Microservices at Spotify

 

The numbers at Spotify are insane, specifically:

– Over 90 teams
– Over 600 developers
– Over 800 microservices
– 75 million active users
– 2 billion user generated playlists

That’s great proof that microservices work at scale (as if Netflix weren’t proving it enough).  There are some key takeaways from this video which I think need highlighting:

 

Multiple versions, simultaneously

Spotify keeps old versions of the API alive as long as they’re needed. This is needed to support legacy systems, such as embedded systems. If you have a lamp which supports Spotify then you need to support that API for a long time.  They do this using microservices- they keep the old service alive, and put the new versions of the new service on a new box.  They can then use statistics to measure when the old version of the API is no longer needed, then they can kill it off.  This is so incredibly powerful for anyone doing enterprise development.

If you are depended on by any other team for an API (a pretty common use case) then you’ve no doubt had this versioning hell.  You want to upgrade your API but you need to do it in lockstep with all upstream services. Something goes wrong and you all have to rollback. It’s such a pain.  Using microservices you can completely eradicate this.  It’s a gamechanger.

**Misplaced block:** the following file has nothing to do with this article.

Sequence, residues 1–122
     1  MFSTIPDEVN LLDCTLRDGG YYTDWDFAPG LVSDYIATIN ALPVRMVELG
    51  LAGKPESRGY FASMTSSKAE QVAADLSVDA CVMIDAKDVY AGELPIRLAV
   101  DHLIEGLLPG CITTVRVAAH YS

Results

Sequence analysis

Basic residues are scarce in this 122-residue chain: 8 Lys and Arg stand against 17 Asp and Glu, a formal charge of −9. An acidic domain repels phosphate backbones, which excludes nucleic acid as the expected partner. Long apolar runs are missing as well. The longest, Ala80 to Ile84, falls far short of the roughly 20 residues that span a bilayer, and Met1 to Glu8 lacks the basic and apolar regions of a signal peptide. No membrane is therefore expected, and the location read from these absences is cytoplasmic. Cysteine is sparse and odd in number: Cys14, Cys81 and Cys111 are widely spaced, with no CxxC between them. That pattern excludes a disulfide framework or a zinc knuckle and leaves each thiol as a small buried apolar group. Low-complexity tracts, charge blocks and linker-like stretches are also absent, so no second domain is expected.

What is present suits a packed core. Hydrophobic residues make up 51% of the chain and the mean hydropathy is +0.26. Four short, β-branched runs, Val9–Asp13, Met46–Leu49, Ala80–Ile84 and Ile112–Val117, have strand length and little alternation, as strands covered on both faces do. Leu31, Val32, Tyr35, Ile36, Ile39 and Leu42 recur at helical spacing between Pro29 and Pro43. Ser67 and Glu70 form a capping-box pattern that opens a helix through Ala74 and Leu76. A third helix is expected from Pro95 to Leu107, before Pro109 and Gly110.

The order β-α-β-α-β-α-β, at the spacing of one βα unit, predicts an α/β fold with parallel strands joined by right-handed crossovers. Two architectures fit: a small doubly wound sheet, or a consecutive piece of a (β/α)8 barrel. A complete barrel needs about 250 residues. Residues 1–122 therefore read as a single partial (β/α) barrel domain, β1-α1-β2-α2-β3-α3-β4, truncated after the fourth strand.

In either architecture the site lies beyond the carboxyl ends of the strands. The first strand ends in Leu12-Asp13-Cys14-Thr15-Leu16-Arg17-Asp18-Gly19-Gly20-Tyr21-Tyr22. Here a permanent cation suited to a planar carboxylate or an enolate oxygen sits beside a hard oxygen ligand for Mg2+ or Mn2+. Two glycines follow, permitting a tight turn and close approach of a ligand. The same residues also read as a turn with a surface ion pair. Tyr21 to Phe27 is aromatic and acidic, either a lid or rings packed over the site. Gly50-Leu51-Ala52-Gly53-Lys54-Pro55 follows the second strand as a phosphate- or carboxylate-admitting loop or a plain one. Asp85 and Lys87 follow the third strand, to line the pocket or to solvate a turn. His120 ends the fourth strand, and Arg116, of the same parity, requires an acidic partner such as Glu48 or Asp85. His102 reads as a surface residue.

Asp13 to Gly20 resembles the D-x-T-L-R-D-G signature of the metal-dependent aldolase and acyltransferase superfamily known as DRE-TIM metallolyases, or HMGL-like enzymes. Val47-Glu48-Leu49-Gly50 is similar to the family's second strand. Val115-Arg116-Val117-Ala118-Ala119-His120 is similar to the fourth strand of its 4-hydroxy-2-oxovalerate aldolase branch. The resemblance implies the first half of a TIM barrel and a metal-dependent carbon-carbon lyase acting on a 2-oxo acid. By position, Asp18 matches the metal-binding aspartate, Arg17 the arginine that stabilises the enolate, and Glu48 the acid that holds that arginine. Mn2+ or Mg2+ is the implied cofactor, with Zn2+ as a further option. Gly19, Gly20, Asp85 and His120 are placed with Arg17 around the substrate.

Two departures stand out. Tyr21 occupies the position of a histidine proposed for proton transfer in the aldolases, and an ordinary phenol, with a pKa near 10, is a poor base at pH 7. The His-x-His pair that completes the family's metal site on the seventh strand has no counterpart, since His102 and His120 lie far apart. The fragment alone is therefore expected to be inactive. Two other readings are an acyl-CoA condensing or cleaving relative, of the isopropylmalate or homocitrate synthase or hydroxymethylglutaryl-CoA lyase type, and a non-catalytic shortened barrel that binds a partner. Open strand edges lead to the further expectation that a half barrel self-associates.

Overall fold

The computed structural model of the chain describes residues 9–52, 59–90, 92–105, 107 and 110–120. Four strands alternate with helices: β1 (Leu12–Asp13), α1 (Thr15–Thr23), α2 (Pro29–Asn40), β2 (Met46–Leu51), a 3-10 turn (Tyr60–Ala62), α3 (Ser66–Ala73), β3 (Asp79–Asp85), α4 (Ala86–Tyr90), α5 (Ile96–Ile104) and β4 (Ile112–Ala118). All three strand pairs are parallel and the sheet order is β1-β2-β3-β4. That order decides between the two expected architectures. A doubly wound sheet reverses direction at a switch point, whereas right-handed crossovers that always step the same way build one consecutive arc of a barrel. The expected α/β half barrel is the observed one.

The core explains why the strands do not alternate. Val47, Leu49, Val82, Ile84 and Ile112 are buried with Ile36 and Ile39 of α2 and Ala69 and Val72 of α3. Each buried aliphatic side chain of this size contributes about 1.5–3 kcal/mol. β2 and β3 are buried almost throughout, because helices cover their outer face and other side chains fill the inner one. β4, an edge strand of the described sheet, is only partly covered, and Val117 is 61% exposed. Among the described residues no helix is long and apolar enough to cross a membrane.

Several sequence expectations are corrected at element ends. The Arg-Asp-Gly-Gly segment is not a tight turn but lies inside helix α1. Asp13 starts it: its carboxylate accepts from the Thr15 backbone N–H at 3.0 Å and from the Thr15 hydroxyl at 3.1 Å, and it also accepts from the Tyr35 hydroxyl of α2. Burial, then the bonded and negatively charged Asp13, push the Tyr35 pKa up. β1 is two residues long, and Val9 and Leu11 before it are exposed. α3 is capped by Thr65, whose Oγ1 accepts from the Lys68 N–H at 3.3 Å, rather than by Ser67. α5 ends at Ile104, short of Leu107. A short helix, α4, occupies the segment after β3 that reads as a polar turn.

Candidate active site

Mandatory Java in production

I found this particularly interesting as Netflix allows anything that runs on the JVM.  Spotify’s argument is that with people switching teams regularly it’s better to have one language. It also means you only need one set of tools for one language.  Personally I’m a big fan of this approach.  There’s a lot of pressure to use newer languages from developers (because developers love new shiney languages) and so to make this as a hard and fast rule makes things a lot simpler. No more struggling because some other team has decided to use scala/clojure/go/other language.

 

This is going to be a pretty controversial view. People love polyglot programming.

 

If you write rubbish code microservices won’t save you

Microservices aren’t a silver bullet. If you write bad code, if you don’t write tests, your microservices will still be terrible. In fact, they may be even worse than your monolith. With great power comes great responsibility- microservices require proper deployment and monitoring tools, and if you don’t have them already you will end up in a mess without them.

 

Services should be quick to rewrite

I’ve said before that a microservice should be possible to rewrite in about 2 weeks.  Spotify sound like they’ve got a very similar spec as they’ve gone through 4, 5 or 6 iterations of some services.  This is a great way to avoid legacy code.  When you write code you’re also discovering the problem space- once you’ve written it once the second time you write it the code should be better, faster, stronger etc.

 

 

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